It is important to perceive clearly that there is no “black church” in the conventional understanding of that term. There are denominations, composed of congregations of black persons and under their control, and there are countless free-standing congregations, but there is no one entity that can be called the black church. There are also numerous black congregations in predominantly white denominations; though these are properly covered by the rubric “black churches,” it is not with such congregations that this article is concerned.
Several caveats should be entered. It is virtually impossible to make generalizations to which significant exceptions cannot be cited. Yet there is a sense in which all black congregations and denominations respond to identical external circumstances and share common internal strengths, pressures and tensions.
Unlike their white counterparts, black churches have not developed effective centralized bureaucracies. This lack may be counted as an advantage by some, but historically it has had a negative effect. For example, it is impossible to obtain accurate statistical data on such matters as membership, budgets, numbers of pastors, value of church assets, and the level of training achieved by the clergy. Not only do black churches lack fully developed administrative structures; mission structures within a given denomination often do not engage in joint strategy and program planning designed to ensure maximum effective use of all available resources. Church unity is expressed primarily in annual or quadrennial meetings rather than in integrated mission planning and cooperation.
Failure to develop strong centralized structures can be attributed to polity (particularly among the Baptists), accidents of history, patterns of church growth, migration to the cities by rural blacks and, most critically, lack of money. Religious bodies among Afro-Americans have not devised the means for generating financial surpluses sufficient to enable them to maintain national headquarters staffs. As a consequence, the mission activity of the churches is, with limited exceptions, carried out by regional or local judicatories. Denominational loyalty has rarely been fervent among black Christians. Except among black Methodists in earlier times, churches owe their origins not to the initiative of home missions boards but to concerned laypersons or clergy who undertook “to raise the flag of Zion.” In recent years the national bodies of predominantly white denominations have been experiencing diminishing support from congregations and regional judicatories. Among blacks, local support for denominational programs has rarely been directed to concerns other than foreign missions, theological education, and a college here and there. Local or regional proprietorship and support of church institutions has been the rule.
In addition to inhibiting the growth of national church structures, the generalized economic deprivation of blacks in America has contributed to the continued fragmentation of the Afro-American religious community. It has meant that irrespective of polity, each congregation, with few exceptions, is a “tub resting on its own bottom.” No black denomination has significant building or salary-support funds. Similarly, there are no means other than denominational journals, most of which have limited distribution, through which a consensus may be developed with respect to important moral, religious, social, political and economic questions.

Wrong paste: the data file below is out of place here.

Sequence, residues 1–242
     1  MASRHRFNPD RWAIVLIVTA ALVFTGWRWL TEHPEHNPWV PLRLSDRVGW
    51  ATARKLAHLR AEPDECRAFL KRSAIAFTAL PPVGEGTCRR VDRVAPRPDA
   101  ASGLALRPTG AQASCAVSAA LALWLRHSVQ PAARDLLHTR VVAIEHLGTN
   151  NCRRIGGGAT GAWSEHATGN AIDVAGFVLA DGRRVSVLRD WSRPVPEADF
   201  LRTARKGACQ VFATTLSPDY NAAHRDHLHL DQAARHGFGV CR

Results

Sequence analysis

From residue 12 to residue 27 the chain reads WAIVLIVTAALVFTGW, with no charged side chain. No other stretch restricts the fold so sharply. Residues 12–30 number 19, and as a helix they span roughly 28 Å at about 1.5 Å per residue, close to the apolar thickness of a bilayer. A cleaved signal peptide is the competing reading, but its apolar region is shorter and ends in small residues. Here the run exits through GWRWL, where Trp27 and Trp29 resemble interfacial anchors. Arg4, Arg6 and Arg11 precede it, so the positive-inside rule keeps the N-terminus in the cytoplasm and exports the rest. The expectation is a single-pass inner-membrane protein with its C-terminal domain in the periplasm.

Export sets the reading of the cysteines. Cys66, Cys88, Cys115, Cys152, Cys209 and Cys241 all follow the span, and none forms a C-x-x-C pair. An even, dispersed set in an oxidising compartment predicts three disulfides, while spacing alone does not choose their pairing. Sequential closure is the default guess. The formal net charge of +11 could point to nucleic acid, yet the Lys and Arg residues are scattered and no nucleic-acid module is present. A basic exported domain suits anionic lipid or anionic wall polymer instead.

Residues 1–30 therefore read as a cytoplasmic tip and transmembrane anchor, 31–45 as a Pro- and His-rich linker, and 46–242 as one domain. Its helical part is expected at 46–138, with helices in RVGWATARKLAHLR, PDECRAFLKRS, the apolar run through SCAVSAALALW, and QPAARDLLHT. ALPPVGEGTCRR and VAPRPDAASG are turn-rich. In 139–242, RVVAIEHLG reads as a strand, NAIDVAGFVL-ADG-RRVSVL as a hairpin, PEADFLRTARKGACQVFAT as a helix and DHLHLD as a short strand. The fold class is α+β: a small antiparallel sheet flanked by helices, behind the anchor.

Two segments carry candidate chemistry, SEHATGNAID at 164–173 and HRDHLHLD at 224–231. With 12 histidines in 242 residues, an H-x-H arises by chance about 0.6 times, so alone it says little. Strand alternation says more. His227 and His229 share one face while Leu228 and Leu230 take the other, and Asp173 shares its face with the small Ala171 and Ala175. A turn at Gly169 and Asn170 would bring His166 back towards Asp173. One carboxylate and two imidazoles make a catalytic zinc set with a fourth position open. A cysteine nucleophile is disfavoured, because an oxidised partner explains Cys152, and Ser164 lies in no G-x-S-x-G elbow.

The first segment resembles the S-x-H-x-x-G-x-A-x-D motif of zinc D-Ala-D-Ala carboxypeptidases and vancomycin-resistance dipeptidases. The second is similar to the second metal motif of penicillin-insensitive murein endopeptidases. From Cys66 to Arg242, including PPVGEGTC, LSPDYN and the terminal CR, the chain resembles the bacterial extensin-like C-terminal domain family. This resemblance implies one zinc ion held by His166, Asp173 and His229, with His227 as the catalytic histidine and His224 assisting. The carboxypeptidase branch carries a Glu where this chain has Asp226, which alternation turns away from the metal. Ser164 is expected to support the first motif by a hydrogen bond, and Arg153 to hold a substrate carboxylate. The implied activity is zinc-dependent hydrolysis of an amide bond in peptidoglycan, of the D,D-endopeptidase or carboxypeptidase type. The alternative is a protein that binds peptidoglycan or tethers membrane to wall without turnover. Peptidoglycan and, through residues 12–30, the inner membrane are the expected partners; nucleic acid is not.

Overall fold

The absence of a “sense of the church” deprives many congregations and their leaders of the information and guidance that are foundational to effective Christian witness. This need is critical in a religious community where an estimated 70 per cent of the clergy lack formal theological education. Black church people receive limited guidance from their national judicatories on such issues as abortion, homosexuality, capital punishment, women’s rights. and the like. The AME Church has recently drafted “working papers” on some of these subjects. The absence of consensus on important public issues means that the power of the churches to influence public policy tends to be proportional to the charisma and prestige of individual church leaders.
The underdevelopment of church structures and limited financial resources have also inhibited the growth of clergy retirement funds. Several denominations have made modest beginnings with pension programs, but most black pastors cannot afford to retire. Consequently, pastorates tend to be marked by long tenure, and access is restricted for younger men and women. The difficulty in finding good placements has diminished the attractiveness of the ministry as a vocation for many promising young persons.
Counterbalancing these observations about the weaknesses of the churches corporately is the fact that many local congregations are vibrantly involved in mission in their communities and are growing in membership as a result. Church-sponsored housing projects, some of them congregationally funded, are commonplace in major urban centers. Church buildings house Head Start schools, day-care facilities, senior citizens’ centers, tutorial programs, “Meals on Wheels,” and similar publicly funded projects. Funds are raised to amortize building mortgages -- a common obligation of most black churches. Mission funds are sent to national headquarters or conventions, and church member assessments are paid. Members continue to participate in the quest for social justice through community organizations and form these groups’ stable center.